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Probiotics and Antimicrobial Proteins

, Volume 11, Issue 3, pp 830–839 | Cite as

In-vitro GIT Tolerance of Microencapsulated Bifidobacterium bifidum ATCC 35914 Using Polysaccharide-Protein Matrix

  • Rabia Iqbal
  • Tahir Zahoor
  • Nuzhat HumaEmail author
  • Amer Jamil
  • Gülhan Ünlü
Article

Abstract

Longevity of probiotic is the main concern for getting maximum benefits when added in food product. Bifidobacterium, a probiotic, tends to lose its viability during gastrointestinal track (GIT) transit and storage of food. Their viability can be enhanced through microencapsulation technology. In this study, Bifidobacterium bifidum (B. bifidum) ATCC 35914 was encapsulated by using two experimental plans. In the first plan, chitosan (CH) at 0.6, 0.8, and 1.0% and sodium alginate (SA) at 4, 5, and 6% were used. Based on encapsulation efficiency, 6% sodium alginate and 0.8% chitosan were selected for single coating of the bacteria, and the resulting micro beads were double coated with different concentrations (5, 7.5, and 10%) of whey protein concentrate (WPC) in the second plan. Encapsulation efficiency and GIT tolerance were determined by incubating the micro beads in simulated gastrointestinal juices (SIJ) at variable pH and exposure times, and their release (liberation of bacterial cells) profile was also observed in SIJ. The microencapsulated bacterial cells showed significantly (P < 0.01) higher viability as compared to the unencapsulated (free) cells during GIT assay. The double-coated micro beads SA 6%–WPC 5% and CH 0.8%–WPC 5% were proven to have the higher survival at pH 3.0 after 90 min of incubation time and at pH 7.0 after 3-h exposure in comparison to free cells in simulated conditions of the stomach and intestine, respectively. Moreover, double coating with whey protein concentrate played a significant role in the targeted (106–9 CFU/mL) delivery under simulated intestinal conditions.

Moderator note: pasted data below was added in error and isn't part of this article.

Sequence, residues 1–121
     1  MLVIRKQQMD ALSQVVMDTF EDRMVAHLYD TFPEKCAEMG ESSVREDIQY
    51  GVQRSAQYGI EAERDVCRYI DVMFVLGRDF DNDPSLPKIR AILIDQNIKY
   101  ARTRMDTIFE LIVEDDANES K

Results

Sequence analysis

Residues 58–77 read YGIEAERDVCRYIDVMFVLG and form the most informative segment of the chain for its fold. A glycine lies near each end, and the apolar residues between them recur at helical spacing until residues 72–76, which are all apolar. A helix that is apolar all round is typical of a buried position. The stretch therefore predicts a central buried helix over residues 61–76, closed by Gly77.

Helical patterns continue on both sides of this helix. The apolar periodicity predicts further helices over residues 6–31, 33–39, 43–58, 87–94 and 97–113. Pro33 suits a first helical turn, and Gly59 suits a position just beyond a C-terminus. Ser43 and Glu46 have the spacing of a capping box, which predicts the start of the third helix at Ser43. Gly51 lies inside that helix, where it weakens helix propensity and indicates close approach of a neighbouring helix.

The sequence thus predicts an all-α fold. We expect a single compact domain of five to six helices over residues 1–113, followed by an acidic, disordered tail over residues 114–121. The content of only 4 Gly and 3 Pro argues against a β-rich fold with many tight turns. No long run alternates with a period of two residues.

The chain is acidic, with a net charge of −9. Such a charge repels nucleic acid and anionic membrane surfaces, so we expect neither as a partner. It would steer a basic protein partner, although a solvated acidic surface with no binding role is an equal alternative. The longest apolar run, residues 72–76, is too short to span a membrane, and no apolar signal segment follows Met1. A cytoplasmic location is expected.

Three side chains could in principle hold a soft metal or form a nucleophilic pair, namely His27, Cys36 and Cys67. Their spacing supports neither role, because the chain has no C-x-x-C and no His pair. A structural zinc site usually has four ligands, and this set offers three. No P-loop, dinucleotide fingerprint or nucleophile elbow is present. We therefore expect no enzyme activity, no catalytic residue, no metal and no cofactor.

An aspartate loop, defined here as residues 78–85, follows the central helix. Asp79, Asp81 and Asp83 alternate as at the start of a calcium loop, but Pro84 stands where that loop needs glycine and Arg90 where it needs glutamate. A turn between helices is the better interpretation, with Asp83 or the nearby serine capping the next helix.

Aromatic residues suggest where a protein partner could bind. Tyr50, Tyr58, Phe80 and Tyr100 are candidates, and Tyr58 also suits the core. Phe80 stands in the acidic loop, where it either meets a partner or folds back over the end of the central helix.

Keywords

Encapsulation Bifidobacterium bifidum, chitosan Alginate Gastrointestinal survival Colon 

Notes

Acknowledgements

We acknowledge colleagues and institutions of National Institute of Food Science and Technology, University Faisalabad, HEC, and School of Food Science, UI (University of Idaho) in the College of Agricultural and Life Sciences (CALS) for providing moral, funding, and laboratory support and their contributions. Special thanks are for Dr. Gulhan Unlu and Dr. Boffman, UI, USA and Dr. Tahir Zahoor, Dr. Nuzhat Huma, and Dr. Amer Jamil UAF-Pakistan for providing all guidelines in the field of study.

Compliance with Ethical Standards

Conflict of Interest

The authors declare that they have no conflict of interest.

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Copyright information

© Springer Science+Business Media, LLC, part of Springer Nature 2018

Authors and Affiliations

  • Rabia Iqbal
    • 1
  • Tahir Zahoor
    • 1
  • Nuzhat Huma
    • 1
    Email author
  • Amer Jamil
    • 2
  • Gülhan Ünlü
    • 3
  1. 1.National Institute of Food Science and Technology, Faculty of Food, Nutrition and Home SciencesUniversity of AgricultureFaisalabadPakistan
  2. 2.Department of Chemistry and BiochemistryUniversity of AgricultureFaisalabadPakistan
  3. 3.School of Food Science, College of Agricultural and Life SciencesUniversity of IdahoMoscowUSA

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